Balancing Intelligence and Agency: The Secret to Engaging Game AI

Video game monsters like Troll make games fun

The only thing more aggravating than playing a co-op game with somebody who can’t keep up with you is playing a game with AI that can’t, either. A poor real-life partner can at least be taught—you can ask them to pick up the pace or show them how to play better—but an AI partner is stuck with whatever skills they’re programmed with. Good game AI is hard to find, especially because what defines ‘good’ is subjective.

For some, good game AI is unobtrusive, staying out of the way and leaving the gameplay up to the player. For others, it’s a dedicated part of the action, just as active as the player is. What people want from games is individual, but there are a few features that make certain AI shine above the rest.

AI Behaviors and Agency Make NPCs Feel Valuable

One of the biggest failures of AI is a lack of behaviors. NPCs that don’t have any actions beyond standing around and waiting for you to continue don’t feel realistic or fun to play with. Characters that constantly need your help can be even more annoying; you spend your time trying to get them out of whatever predicament they end up in, which ends up feeling like an obligation rather than anything like entertainment.

Nate and Sam Uncharted 4 Game AI
Sam’s AI and dialog make him an interesting companion, despite his tendency to get into trouble. Image Source: Naughty Dog.

So how do developers combat that? They give their characters agency, or at least some semblance of it. While it won’t be fun if NPCs start solving your puzzles for you or stealing your kills, an NPC that feels like a valuable teammate is far better to play with than someone who just stands around or who constantly demands that you save them from a pack of wolves.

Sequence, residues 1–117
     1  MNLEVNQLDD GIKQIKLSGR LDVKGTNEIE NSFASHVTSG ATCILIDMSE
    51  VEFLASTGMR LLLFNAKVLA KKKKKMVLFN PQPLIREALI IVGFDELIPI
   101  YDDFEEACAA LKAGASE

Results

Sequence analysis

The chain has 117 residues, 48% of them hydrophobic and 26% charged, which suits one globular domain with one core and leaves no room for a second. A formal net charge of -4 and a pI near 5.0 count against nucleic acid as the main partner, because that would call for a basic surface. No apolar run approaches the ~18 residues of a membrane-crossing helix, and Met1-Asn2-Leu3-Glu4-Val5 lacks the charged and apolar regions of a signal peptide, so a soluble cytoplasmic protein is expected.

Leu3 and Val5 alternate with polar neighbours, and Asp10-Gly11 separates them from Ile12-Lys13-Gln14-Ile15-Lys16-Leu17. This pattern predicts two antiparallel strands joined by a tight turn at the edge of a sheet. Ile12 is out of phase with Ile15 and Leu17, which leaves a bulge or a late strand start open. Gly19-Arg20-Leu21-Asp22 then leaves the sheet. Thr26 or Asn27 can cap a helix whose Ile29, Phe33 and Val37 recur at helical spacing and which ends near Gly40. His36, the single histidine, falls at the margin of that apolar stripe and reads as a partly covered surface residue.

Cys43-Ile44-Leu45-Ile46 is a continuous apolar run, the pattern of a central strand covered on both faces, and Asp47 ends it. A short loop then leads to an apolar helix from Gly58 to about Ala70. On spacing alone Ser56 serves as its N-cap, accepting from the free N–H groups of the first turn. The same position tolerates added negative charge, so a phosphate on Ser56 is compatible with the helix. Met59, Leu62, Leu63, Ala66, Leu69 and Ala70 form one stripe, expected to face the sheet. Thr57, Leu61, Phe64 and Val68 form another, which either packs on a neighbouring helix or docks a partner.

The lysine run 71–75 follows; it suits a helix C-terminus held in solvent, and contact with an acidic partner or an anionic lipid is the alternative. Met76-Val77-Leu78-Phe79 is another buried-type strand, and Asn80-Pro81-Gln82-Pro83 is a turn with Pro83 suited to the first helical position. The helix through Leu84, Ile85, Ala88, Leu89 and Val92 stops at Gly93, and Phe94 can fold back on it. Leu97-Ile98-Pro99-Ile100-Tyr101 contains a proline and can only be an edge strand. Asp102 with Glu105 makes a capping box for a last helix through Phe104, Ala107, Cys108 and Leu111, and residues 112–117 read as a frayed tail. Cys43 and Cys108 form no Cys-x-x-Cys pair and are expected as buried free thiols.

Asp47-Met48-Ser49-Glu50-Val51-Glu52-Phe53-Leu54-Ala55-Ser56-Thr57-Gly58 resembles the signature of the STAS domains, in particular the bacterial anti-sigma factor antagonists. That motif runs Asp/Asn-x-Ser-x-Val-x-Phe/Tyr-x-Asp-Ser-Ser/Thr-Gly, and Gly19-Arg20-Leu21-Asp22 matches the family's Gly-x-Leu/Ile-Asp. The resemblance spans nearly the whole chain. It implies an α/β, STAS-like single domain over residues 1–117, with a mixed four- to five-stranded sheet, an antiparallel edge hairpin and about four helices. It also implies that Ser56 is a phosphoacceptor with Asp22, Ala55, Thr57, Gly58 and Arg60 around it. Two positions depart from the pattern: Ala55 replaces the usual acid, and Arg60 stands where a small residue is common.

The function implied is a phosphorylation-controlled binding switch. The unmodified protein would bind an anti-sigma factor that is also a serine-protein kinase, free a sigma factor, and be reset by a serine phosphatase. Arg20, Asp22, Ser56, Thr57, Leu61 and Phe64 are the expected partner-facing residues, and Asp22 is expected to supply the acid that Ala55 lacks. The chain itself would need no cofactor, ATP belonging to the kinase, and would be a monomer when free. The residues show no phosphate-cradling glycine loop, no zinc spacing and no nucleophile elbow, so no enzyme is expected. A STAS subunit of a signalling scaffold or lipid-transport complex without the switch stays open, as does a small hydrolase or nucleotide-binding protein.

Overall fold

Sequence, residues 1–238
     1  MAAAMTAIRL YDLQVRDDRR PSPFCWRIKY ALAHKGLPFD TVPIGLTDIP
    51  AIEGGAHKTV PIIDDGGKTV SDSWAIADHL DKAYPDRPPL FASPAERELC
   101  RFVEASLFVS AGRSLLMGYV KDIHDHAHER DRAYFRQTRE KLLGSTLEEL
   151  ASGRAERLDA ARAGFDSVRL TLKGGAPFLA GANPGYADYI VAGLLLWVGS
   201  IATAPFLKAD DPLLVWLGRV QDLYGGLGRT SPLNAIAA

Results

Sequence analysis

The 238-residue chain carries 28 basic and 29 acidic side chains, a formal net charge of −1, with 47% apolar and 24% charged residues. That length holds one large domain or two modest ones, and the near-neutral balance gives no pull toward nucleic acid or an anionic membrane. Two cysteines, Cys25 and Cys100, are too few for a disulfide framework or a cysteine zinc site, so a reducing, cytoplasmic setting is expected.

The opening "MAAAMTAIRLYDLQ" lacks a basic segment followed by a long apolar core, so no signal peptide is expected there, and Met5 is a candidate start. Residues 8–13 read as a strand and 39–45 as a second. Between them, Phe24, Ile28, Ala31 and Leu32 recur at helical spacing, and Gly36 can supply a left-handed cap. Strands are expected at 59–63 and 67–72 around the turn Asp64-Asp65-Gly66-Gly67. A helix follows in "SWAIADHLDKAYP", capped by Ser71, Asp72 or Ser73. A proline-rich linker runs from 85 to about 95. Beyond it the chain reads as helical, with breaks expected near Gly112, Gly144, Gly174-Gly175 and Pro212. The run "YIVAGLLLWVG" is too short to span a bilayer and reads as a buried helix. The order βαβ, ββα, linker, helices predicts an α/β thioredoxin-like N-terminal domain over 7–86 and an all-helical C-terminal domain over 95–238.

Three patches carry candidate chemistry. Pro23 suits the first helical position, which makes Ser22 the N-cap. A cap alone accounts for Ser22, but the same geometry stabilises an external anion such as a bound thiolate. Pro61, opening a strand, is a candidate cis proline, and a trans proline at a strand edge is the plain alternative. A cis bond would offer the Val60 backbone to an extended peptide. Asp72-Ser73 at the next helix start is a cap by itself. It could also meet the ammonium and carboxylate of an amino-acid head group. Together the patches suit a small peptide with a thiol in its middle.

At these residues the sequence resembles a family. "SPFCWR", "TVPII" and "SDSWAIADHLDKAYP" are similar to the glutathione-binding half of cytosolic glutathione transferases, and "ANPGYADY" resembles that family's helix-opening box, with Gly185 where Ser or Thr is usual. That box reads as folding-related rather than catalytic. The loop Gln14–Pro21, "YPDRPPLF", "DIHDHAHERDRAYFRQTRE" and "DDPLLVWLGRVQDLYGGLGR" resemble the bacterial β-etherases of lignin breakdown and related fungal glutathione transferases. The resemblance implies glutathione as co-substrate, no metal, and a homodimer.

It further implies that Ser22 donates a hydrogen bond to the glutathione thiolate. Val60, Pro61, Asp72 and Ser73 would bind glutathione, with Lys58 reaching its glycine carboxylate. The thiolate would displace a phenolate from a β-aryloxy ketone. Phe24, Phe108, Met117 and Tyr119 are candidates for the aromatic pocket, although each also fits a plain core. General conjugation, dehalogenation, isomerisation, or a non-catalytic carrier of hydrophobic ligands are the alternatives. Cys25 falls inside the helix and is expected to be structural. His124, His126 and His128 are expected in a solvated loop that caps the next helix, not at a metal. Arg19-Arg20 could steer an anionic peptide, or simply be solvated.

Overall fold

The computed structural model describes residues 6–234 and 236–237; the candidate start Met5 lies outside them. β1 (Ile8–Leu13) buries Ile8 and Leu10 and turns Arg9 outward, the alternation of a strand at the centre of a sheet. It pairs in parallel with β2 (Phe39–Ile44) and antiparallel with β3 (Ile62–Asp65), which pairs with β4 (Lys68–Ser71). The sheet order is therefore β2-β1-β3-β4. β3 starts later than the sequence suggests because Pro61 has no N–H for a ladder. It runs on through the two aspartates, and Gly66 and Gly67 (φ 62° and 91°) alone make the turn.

Take Uncharted 4’s use of Nate and Sam, for example. These two characters work well together, their banter and familiarity making them a delight to watch and play. But even better, Sam is a valuable companion—he tells you where enemies are, even marking or dispatching them for you, as well as suggesting how to solve puzzles and other obstacles. When he’s not helping, he’s wandering around and inspecting the scenery. It’s all programmed behavior, of course, but it makes him feel more believable, like an actual companion rather than a lackluster sidekick with nothing valuable to offer. It’s those little animations and helpful tips that make Sam a useful companion; even if it’s all preprogrammed, Uncharted’s scripted AI changes the way that we perceive him as a character.

Invulnerability Takes Companions From Liabilities to Useful Friends

Escort quests are a dreaded feature in video games. Some titles do them well, but others require players to protect squishy NPCs with no sense of self-preservation. They wander into danger, walk at a strange pace somewhere between the player’s walk and run speed, and die too easily, causing frustration.

Elizabeth BioShock: Infinite
BioShock: Infinite‘s Elizabeth can hold her own, in part because she’s invulnerable. Image Source: Major Nelson via Flickr.

While making an NPC invulnerable loses some of the thrill of protecting them, it does mean that you’re able to explore alternate methods of interaction. This is part of what makes BioShock: Infinite so appealing, despite the fact that it plays much like an extended escort quest.